The Lewin family of four was attending their first Cardinals game at Busch Stadium after moving to St. Louis from Oklahoma. Bryce Lewin, thirteen, dressed for the occasion in a Jedi robe and claimed, "We pretty much came for Star Wars."

Adults also were anxious to experience a galaxy far, far away at Baseball Heaven. Anna and Logan Poeppelmeier pledged allegiance to the Cardinals and confessed that they've attended many games, but they were particularly excited about this one. "We're hoping to hear all the Star Wars music, like the 'Imperial March,'" said Anna. "Or 'Duel of the Fates' would be great," added Logan.

Chris Martinez stopped by the game on his way from Houston to Wizard World Chicago Comic Con. When we pressed him for his favorite Star Wars movie, his girlfriend piped up, "Empire Strikes Back!" Martinez gave a sheepish smile and said, "I guess it's Empire. Gotta go with what she says."

Bryana Vondran is taking her Star Wars love to the extreme. Dressed as Satele Shan, the Jedi Order's grand master during the Old Republic era, Vondran shared that she recently moved to St. Louis from Peoria, Illinois. She chose Star Wars night as her first Cardinals game and plans to marry her fiance on Star Wars Day in 2015.

So what actually happened on the field and around the concourses?

Before the game began, a near-sellout crowd delighted in watching Ashley and David Eckstein ride around the warning track in a white truck with an army of Star Wars characters. Ashley, the voice of Jedi padawan Ahsoka Tano from the animated series Star Wars: The Clone Wars as well as the force (or "Force?") behind chic-geek fashion empire Her Universe, threw out the ceremonial first pitch to her husband David, a former Cardinals shortstop and 2006 World Series MVP.

Fredbird, clad in a brown Jedi robe and waving a lightsaber with a violet blade, waited for the couple at home plate before dancing around as the lineups were announced. Several innings into the game, he posed for photos in Ford Plaza and led Darth Vader, Obi-Wan Kenobi, Stormtroopers and other characters in a dance to Psy's "Gangnam Style" (a favorite song of the kiddos RFT recently experimented on).

Fans patiently waited in long queues to snap photos with members of the 501st Legion, a Star Wars costuming group that makes appearances at fundraising, charity and promotional events. Michael Walker, a character handler for the 501st, said that around twenty members were roaming the stadium in professional-quality costumes ranging from Darth Maul to Tusken Raiders to Boba Fett. "The costumes are so amazing and accurate," Walker said.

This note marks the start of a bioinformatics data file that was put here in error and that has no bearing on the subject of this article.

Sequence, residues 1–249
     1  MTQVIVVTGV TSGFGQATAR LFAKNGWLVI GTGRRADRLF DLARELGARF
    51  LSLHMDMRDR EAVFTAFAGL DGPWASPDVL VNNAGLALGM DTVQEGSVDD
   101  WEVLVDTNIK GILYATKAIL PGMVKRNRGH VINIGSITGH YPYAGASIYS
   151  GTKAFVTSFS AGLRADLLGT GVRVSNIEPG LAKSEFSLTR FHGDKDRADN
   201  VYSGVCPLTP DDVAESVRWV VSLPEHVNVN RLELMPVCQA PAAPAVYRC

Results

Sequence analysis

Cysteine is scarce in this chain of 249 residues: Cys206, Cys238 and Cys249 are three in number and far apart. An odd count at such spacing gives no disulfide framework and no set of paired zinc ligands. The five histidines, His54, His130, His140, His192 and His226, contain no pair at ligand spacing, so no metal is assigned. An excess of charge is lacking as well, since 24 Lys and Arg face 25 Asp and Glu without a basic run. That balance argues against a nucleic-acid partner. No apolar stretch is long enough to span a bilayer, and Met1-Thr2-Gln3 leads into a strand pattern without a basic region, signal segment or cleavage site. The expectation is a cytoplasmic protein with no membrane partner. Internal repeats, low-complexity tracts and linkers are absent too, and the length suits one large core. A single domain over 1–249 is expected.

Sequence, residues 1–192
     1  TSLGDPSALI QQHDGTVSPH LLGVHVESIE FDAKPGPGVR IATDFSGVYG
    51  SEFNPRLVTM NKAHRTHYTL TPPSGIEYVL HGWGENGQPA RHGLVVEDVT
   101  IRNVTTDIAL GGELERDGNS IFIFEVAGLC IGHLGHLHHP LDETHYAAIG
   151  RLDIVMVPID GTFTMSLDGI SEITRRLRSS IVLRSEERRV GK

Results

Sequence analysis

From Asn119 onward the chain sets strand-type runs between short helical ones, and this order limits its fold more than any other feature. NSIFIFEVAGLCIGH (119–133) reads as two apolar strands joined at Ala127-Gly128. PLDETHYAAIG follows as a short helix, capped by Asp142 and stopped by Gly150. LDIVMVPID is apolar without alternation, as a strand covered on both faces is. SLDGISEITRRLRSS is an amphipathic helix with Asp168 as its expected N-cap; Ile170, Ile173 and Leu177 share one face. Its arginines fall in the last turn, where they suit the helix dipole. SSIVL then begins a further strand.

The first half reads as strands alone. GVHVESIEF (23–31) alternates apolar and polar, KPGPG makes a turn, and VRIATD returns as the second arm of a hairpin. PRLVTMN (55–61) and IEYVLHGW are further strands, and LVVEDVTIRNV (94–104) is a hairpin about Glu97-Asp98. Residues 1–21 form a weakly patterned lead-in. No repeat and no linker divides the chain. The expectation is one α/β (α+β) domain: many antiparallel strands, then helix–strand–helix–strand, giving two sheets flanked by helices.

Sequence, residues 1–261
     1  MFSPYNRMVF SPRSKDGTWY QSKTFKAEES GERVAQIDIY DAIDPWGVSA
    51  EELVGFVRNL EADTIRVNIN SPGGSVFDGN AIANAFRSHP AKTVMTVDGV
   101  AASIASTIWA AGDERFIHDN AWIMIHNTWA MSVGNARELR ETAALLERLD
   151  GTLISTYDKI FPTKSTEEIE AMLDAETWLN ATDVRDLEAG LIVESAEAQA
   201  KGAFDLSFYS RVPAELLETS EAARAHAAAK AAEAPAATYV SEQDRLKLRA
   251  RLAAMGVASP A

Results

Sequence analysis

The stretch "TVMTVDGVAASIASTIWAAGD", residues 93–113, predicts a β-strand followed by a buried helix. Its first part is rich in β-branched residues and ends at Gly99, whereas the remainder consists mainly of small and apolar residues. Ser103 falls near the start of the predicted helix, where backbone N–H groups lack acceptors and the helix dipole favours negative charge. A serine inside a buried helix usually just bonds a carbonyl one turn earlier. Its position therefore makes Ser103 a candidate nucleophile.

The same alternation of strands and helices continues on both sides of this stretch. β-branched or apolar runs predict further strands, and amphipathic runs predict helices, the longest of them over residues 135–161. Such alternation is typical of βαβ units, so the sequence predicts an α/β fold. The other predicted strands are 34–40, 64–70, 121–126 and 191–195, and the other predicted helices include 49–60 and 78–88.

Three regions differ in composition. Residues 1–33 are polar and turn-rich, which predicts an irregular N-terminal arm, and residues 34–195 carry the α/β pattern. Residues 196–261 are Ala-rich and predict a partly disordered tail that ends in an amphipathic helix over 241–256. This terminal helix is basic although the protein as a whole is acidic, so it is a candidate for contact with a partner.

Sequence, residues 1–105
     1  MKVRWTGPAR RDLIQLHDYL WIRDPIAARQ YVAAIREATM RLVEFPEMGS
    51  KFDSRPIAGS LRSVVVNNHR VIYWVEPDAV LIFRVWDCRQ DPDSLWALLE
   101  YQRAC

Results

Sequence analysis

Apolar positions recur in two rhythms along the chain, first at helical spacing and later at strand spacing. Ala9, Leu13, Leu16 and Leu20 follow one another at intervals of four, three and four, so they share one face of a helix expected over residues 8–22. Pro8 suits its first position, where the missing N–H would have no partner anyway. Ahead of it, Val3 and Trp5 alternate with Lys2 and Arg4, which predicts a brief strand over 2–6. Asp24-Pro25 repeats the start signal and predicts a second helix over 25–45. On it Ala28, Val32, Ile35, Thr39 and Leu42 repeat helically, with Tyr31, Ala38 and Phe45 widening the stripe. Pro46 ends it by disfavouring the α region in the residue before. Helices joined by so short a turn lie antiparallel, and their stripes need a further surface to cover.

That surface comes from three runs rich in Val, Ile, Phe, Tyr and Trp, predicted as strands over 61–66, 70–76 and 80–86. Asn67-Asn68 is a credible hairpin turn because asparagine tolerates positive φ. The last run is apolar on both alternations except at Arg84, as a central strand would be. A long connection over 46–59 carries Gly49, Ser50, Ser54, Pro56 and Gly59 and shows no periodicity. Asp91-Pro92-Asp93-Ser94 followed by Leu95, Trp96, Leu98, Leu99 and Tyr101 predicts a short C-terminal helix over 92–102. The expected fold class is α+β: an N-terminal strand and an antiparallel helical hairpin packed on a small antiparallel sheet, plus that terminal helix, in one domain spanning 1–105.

Even Cardinals employees got into the costuming fun. Dave Willis, from Cardinals ticket sales, dressed in an innocent Luke Skywalker's white outfit from A New Hope.

"I'm a big Star Wars fan, and people here knew that, so they asked me if I'd do this," Willis said. "There are a lot of baseball fans at the stadium tonight, and they can enjoy something really unique."

During the game, Cardinals players were shown on the big screen in doctored Star Wars garb. Centerfielder Jon Jay appeared as a Stormtrooper, rightfielder Carlos Beltran (Did he ever sell his New York home?) was C-3P0 and leftfielder Matt Holliday was depicted as Darth Vader.

But perhaps the best part of the evening was hearing KMOX (1120 AM) Cardinals broadcasters Mike Shannon and John Rooney debate the merits of Star Wars over the stadium-wide speaker system. Here's a part of that conversation that made Daily RFT giggle:

Rooney: I never got into the Star Wars series. Shannon: I like that R2D2. Isn't he the little guy who spins around? Heh, heh, heh. Rooney: I don't know, but I prefer the Mel Brooks version. He calls it Spaceballs. Shannon (in disbelief): Spaceballs? That's what that's called?

In the end, though, neither Shannon nor the Force could save the Cardinals. The Dodgers beat the Redbirds 13-4.

Continue for more photos.

Continue for more photos.